Will CMC make its big splash this time around? You can bet on it

The financial betting empire is preparing for a stock market listing in London, after a couple of false starts. Russell Lynch talks to the founder and former Tory treasurer, Peter Cruddas, about the forthcoming float

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The Independent Online

The biggest UK float of the year so far nearly fell at the last hurdle. The new year tremors in financial markets gave Peter Cruddas, the founder of spread-betting company CMC Markets, and his advisers, a mild case of the jitters.

Goldman Sachs and Morgan Stanley have been working on the float of the former Conservative treasurer’s financial betting empire for six months, but the initial public offering was only signed off by the board on Tuesday.

Mr Cruddas has been here before. There was talk of a float of CMC – which stands for Currency Management Corporation – at the turn of the millennium, and then again in 2006, before market downturns scuppered both these attempts. 

Was he tempted to put the whole thing on the backburner again? “There were quite a few days when we were thinking that,” he says. “But in this process you have to go through a lot of due diligence, a lot of work. To be honest, we’ve done around 40 early-look roadshows and they’ve gone really well. We had a very strong response from potential investors so we were encouraged by that. 

“We are a very good volatility stock; we’ve had a very good year to date. When there is volatility in the market, firms like us do well – we see an uptick in turnover and clients. We are a good play for a portfolio. We’ve been to New York, we’ve been to Edinburgh, we’ve been all around London. There’s a lot of interest in this stock.”

The timing is slightly inauspicious, as it also comes on the eve of the anniversary of the Swiss National Bank’s shock decision to scrap its currency cap against the euro, which underlined the risks of spread betting – where gains and losses are multiplied – and cost clients millions of pounds. CMC itself wrote off nearly £4m in client losses.

But the float is the culmination of three years’ work, since Mr Cruddas resumed day-to-day control as chief executive in 2013, after briefly handing over the reins. 

In a trading environment becalmed by European Central Bank president Mario Draghi’s “whatever it takes” pledge to protect the euro – bad news for firms depending on volatility to generate returns – Mr Cruddas immediately scrapped staff perks such as free fruit and cornflakes at work and sharpened up the dress code. But he held out the prospect of bigger pay and bonuses if they delivered. Around 550 staff will be eligible for a share-incentive scheme following the float.

Obviously the biggest returns will fall to Mr Cruddas himself, who has been running the business he set up for 26 years. He is selling down his 90 per cent stake to around 60 per cent, potentially earning him a lump sum of around £240m. Based on the share price of CMC’s much larger rival, IG Group, which trades on around 18 times future profits, CMC could be worth between £750m and £800m. That’s less than the £1bn price-tag mooted for the company in the past year, and about half the £1.4bn valuation put on the firm in 2007 when Goldman Sachs paid a reported £140m for a 10 per cent stake.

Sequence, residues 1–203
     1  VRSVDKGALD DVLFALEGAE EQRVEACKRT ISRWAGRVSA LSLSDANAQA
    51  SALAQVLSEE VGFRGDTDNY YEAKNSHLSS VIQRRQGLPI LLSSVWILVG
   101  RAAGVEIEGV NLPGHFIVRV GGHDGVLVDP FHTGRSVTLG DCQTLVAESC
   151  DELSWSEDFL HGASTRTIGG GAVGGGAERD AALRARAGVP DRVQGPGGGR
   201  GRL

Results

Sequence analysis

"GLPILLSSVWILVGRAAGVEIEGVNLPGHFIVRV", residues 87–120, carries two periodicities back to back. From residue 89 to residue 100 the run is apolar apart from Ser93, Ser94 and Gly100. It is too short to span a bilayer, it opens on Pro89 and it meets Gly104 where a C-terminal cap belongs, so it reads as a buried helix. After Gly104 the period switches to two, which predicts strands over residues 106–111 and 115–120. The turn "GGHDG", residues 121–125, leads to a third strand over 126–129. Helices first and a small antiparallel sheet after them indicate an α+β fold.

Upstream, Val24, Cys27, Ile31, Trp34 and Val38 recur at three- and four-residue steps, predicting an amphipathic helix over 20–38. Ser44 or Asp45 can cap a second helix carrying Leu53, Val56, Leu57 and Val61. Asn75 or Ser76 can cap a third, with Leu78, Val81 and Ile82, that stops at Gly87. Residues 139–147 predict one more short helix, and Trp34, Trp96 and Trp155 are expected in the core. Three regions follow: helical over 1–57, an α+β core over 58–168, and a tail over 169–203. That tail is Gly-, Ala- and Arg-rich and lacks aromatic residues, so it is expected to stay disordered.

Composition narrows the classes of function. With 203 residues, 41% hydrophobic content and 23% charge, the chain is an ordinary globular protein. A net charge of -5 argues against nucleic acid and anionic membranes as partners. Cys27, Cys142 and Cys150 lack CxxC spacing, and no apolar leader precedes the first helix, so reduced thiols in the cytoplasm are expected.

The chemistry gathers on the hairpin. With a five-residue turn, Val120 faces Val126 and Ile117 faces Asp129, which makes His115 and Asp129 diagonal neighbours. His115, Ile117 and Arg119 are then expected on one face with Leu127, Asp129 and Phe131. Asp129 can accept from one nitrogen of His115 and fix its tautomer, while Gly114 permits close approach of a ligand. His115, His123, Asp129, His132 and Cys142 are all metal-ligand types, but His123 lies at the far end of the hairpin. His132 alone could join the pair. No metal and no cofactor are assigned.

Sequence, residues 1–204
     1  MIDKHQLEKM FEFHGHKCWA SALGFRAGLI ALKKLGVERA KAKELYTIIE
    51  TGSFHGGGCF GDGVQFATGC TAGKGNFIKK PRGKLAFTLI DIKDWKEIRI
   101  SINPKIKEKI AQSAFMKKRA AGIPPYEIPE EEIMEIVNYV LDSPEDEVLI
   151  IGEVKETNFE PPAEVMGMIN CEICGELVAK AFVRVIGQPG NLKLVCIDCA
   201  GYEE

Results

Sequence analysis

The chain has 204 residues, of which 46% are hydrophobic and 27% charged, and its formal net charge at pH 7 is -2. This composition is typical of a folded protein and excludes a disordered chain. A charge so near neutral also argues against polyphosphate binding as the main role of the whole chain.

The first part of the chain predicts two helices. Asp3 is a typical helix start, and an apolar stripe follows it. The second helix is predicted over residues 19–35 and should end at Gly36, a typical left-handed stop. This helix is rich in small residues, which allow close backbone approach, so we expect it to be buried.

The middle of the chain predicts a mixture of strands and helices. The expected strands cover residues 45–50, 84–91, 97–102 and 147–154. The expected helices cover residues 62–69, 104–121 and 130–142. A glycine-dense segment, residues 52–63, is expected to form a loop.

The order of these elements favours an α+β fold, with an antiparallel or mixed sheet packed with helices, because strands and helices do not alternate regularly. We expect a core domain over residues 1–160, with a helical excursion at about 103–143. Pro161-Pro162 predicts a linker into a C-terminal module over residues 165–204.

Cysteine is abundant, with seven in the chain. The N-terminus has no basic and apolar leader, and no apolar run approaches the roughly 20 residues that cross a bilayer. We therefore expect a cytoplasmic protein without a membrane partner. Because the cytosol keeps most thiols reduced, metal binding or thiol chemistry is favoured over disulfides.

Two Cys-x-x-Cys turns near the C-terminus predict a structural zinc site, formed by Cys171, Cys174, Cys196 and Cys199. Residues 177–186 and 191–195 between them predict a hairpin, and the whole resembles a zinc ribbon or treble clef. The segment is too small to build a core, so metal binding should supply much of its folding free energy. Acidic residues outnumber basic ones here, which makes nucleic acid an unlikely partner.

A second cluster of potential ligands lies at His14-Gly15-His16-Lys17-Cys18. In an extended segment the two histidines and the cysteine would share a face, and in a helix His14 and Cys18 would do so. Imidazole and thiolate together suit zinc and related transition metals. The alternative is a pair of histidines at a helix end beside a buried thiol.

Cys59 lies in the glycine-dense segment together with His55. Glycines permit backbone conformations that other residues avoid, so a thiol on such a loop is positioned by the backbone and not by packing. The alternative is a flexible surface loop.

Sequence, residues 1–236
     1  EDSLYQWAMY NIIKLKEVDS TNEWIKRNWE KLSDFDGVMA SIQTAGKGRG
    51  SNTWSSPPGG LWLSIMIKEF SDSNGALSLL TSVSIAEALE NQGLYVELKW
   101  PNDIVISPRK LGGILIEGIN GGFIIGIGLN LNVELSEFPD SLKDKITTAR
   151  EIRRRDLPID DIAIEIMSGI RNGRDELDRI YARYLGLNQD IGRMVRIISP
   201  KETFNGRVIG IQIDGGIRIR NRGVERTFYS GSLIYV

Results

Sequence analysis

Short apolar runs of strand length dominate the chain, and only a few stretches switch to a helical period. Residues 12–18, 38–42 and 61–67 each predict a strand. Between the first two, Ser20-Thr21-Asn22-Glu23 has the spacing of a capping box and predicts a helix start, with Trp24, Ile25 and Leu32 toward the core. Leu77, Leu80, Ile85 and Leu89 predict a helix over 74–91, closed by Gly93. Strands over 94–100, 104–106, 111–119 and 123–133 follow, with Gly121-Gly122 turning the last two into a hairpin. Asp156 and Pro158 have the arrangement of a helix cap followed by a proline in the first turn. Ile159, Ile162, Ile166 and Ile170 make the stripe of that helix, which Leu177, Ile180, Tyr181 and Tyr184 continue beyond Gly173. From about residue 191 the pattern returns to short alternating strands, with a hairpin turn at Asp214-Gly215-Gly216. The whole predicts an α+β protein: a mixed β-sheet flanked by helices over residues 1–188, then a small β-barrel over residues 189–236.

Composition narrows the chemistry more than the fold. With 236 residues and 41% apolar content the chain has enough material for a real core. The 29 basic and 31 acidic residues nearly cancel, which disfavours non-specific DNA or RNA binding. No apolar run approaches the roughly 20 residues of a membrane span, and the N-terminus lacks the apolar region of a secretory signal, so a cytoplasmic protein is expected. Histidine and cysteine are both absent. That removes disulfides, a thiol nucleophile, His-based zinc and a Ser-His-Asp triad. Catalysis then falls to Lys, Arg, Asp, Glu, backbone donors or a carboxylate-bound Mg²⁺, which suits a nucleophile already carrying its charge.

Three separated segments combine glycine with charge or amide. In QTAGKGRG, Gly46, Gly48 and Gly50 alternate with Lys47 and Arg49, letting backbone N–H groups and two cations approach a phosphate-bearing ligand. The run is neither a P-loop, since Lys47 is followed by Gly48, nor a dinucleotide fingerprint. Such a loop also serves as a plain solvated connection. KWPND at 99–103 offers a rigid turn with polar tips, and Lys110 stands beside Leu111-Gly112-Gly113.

But the business still boasts 44,000 active clients trading a universe of currencies, stock-market indices and contracts for difference (tax efficient instruments for trading shares without buying them using leverage) and the firm is targeting a 40 per cent rise in revenues to £250m by March 2020. 

The plans for growth include stealing the market share of rivals in its main markets – the UK, Singapore, Germany and Australia – as well as extending its range of trading products and geographies. The company has pumped £65m over the past five years into a state-of-the-art trading platform; nearly half of all trading is done on mobiles. It is also planning a huge digital marketing campaign to boost client numbers and is sponsoring Sir Ben Ainslie’s bid to win the America’s Cup. 

As for Mr Cruddas, the East Ender made good is going nowhere now that CMC has finally made it on to the public markets. “I’m here for the next five years… I’ve got my team to take me through the next five or 10 years.”

Peter Cruddas: The rise to riches

When CMC Markets celebrated its 25th birthday at a glitzy London party in 2014, founder Peter Cruddas  splashed out some of his estimated £1bn fortune flying Diana Ross, the US superstar, over to perform at the bash. 

Not bad for the son of a humble porter at Smithfield meat market who grew up in post-war Hackney, leaving a Shoreditch comprehensive at the age of 15 with no qualifications. 

He began his City career as a telex operator for Western Union, then worked his way through several foreign exchange dealing rooms, eventually becoming head dealer at Jordan’s Petra Bank. In 1989 he left to start CMC with £10,000 in the bank, building up the firm into one of the UK’s biggest spread betting players. 

He stepped back in 2007, but returned as full time chief executive in 2013.

A major Conservative donor, he became treasurer of the party in 2011, but was cut loose by the leadership in 2012 after a “cash for access” sting by The Sunday Times, which alleged that he was involved in offering meetings with David Cameron and other ministers in exchange for donations. He won £180,000 in libel damages – reduced to £50,000 on appeal last year – and is now a direct opponent of the PM, as Treasurer and major financial backer of the Vote Leave campaign group for the referendum on EU membership.